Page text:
- Creates up to $100 million in tax credits for donations to an organization that gives out scholarships for students to attend a home school or private school – including for-profit virtual schools.
- Authorizes charter schools to be opened in an additional 61 school districts.
The House Elementary and Secondary Education Committee will hear HB 729 (O’Donnell) on 2/2. HB 729 is essentially the same as the voucher, charter school expansion and virtual school expansion portions of SCS/SB 55.
Two new voucher bills have been introduced. HB 288 (Christofanelli) and HB 540 (Fitzwater). HB 288 is a companion bill to SB 23 and the voucher portion of SB 25. HB 540 is a tax credit style voucher that puts some program administration under the control of the State Treasurer.
To be heard in the House Elementary and Secondary Education committee on February 2:
HB 349 (Christofanelli) tuition tax credits
HB 540 (Fitzwater, Travis) tuition tax credits
HB 729 (O’Donnell) charter school expansion (cities over 30,000) and tuition tax credits
To be heard in the Senate Education Committee on February 2:
SB 95 (Onder) expanding virtual education and SB 218, (Leutkemeyer) charter schools
Nebraska: LB 364 The Opportunity Scholarship Act Establishes “opportunity scholarships” for private and religious school tuition. Contributions would result in up to a 50% tax credit against State income taxes. Funds from this account would be distributed as tuition aid for students to attend private and religious schools.
House Bill 20 would create a universal voucher program entitled “Education Freedom Accounts,” which would take state dollars from monies allocated to support public schools and give them directly to parents to use for private school tuition, homeschooling costs, and other education-related expenses. The per-student amount would range from $3,786 and $8,458 based on eligibility and costs.
According to the nonprofit, Reaching Higher New Hampshire HB 20, as proposed, would be the most far-reaching voucher bill in the country.
- HB 20, as proposed, would be the most far-reaching voucher bill in the country.
- HB 20 has substantially fewer protections for students, less transparency and oversight of public funds, and almost no accountability for ensuring that programs funded by taxpayer dollars are being used appropriately or effectively.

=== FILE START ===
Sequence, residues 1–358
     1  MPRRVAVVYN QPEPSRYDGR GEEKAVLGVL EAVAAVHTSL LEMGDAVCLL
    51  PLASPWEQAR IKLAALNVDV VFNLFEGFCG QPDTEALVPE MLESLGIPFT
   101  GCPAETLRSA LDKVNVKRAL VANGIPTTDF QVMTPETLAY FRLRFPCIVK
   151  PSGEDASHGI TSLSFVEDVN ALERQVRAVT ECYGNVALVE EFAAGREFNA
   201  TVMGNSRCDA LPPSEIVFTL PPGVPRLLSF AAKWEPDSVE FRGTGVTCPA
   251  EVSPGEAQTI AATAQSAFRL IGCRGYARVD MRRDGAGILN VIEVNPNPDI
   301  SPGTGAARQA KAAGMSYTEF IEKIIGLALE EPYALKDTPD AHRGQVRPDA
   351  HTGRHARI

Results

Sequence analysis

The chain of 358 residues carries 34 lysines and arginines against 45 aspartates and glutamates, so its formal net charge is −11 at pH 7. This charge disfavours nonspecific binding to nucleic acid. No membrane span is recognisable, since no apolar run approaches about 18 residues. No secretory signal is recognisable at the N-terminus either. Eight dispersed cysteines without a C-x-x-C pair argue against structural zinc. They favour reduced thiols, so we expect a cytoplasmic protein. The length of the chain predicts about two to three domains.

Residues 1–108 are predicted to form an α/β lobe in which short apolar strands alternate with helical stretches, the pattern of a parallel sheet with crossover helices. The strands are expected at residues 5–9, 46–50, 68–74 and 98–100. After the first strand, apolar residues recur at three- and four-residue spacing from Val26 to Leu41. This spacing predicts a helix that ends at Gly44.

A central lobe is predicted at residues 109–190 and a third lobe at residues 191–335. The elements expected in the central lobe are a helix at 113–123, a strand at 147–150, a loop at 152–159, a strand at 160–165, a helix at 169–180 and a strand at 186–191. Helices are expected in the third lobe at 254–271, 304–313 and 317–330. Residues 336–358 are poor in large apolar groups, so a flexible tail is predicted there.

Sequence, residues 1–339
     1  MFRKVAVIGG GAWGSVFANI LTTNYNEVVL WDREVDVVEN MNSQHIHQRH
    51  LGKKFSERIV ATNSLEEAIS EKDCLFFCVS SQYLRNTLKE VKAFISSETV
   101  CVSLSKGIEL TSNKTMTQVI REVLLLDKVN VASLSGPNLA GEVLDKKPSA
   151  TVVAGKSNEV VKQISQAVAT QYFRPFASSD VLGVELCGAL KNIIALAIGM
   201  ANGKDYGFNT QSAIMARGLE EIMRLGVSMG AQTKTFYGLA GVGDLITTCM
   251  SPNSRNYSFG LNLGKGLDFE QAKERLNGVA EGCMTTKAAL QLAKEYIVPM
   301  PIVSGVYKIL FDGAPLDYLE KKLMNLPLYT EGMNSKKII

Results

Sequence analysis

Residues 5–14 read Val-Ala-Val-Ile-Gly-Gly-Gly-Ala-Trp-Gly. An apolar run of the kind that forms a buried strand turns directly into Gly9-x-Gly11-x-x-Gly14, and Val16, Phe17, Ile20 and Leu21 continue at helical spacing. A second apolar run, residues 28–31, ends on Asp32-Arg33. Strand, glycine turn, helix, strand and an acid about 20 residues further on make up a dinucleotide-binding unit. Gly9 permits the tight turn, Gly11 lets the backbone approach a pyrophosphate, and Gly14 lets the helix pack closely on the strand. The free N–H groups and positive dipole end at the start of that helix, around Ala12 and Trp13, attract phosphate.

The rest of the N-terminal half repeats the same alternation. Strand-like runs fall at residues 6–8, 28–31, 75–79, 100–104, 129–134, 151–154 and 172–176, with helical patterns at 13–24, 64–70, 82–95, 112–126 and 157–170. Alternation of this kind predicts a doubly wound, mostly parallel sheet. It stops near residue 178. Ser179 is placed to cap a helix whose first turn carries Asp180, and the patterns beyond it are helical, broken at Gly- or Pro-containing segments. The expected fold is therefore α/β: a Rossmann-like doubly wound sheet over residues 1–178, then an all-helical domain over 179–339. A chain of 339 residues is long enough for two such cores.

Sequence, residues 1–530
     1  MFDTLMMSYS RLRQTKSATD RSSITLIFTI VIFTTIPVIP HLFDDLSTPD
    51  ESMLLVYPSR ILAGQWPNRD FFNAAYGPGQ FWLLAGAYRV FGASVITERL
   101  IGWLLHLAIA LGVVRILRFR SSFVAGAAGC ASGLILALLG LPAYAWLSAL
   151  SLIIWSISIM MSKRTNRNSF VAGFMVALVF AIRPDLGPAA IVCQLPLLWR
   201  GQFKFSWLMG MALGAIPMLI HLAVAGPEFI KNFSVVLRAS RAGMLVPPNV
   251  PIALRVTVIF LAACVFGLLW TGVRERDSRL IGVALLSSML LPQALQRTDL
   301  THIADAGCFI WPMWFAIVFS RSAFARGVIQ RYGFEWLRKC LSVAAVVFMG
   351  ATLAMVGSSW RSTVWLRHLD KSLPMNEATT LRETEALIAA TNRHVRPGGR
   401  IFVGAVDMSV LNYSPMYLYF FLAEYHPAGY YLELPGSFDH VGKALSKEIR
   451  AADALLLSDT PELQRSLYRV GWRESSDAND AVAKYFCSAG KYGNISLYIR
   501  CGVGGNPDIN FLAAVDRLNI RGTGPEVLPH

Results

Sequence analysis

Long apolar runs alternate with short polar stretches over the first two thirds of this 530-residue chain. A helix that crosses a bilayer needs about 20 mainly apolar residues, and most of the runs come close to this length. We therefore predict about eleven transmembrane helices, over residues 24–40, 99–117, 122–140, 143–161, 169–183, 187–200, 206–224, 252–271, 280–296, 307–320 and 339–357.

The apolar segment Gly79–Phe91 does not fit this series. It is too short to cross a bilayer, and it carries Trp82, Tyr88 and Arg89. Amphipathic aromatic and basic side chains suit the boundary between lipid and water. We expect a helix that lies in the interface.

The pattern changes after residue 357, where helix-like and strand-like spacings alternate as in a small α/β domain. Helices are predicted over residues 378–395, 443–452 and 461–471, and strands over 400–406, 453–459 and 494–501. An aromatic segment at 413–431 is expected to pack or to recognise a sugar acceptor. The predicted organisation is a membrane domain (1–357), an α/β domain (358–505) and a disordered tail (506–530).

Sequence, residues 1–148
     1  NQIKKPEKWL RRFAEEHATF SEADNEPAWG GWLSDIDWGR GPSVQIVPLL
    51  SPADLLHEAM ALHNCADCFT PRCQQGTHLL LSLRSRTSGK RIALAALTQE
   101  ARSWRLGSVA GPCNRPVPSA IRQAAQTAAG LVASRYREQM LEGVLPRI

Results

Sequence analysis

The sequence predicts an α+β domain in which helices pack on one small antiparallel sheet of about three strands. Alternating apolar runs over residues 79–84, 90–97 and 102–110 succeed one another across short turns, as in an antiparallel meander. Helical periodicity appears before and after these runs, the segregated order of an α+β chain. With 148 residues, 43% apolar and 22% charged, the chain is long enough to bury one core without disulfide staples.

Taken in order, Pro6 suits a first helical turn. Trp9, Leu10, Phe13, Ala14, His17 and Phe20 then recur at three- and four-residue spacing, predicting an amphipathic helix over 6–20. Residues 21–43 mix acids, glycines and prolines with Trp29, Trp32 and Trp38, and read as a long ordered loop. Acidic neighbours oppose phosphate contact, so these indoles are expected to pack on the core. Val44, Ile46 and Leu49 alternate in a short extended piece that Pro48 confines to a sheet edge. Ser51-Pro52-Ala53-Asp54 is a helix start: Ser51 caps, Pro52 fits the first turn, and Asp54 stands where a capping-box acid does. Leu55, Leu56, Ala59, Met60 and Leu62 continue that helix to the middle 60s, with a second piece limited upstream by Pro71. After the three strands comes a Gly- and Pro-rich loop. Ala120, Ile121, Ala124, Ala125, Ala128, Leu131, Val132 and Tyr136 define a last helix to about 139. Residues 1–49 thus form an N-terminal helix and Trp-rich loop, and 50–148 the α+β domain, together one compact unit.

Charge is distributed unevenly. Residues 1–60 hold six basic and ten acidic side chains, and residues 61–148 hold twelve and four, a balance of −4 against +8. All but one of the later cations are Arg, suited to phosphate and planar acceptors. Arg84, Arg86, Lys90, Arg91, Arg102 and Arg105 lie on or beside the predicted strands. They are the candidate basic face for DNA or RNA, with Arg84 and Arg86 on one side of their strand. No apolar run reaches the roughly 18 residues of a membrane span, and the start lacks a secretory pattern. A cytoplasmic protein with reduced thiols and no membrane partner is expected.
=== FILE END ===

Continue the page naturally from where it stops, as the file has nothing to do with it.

HB32 would expand the already existing voucher program, the Opportunity Scholarship program, by expanding eligibility, increasing the amount of the voucher, and increasing funding for marketing and administering the program. It would also merge the program with the existing Education Savings Account program, which puts tax dollars on a debit card for parents to spend on private educational services in lieu of attending a public school. It would even allow vendors to charge “transaction or merchant fees” of up to 2.5% of all spending.
These changes to a program that already diverts millions of dollars away from public schools would add $159 million in additional costs over the next nine years.
WA SB 5200 Establishes a tax credit of up to 100% for contributions to a designated scholarship granting organization for tuition to a private school or private tutoring service. Students who received special education services or are in foster care would be eligible.
Watch the Fighting Voucher Legislation in 2021: An Update on State Voucher Bills and Tools to Oppose Them Webinar
Across the country, conservative state legislators are sponsoring “school choice” bills that would divert public funds to charter schools, online schools, and/or private and religious schools and homeschools.
The 2020 election resulted in gains for Libertarian Republicans in statehouses, who are now aggressively pushing school voucher and charter expansion bills. These bills would have a devastating impact on the funds available to support public schools struggling through the pandemic.
But of course, that is the point. Make no mistake. Those proposing these bills are hostile to both the idea and the ideals of district-run public schools.
Please read and share our fact sheets to educate your community and your legislators about vouchers and other forms of privatization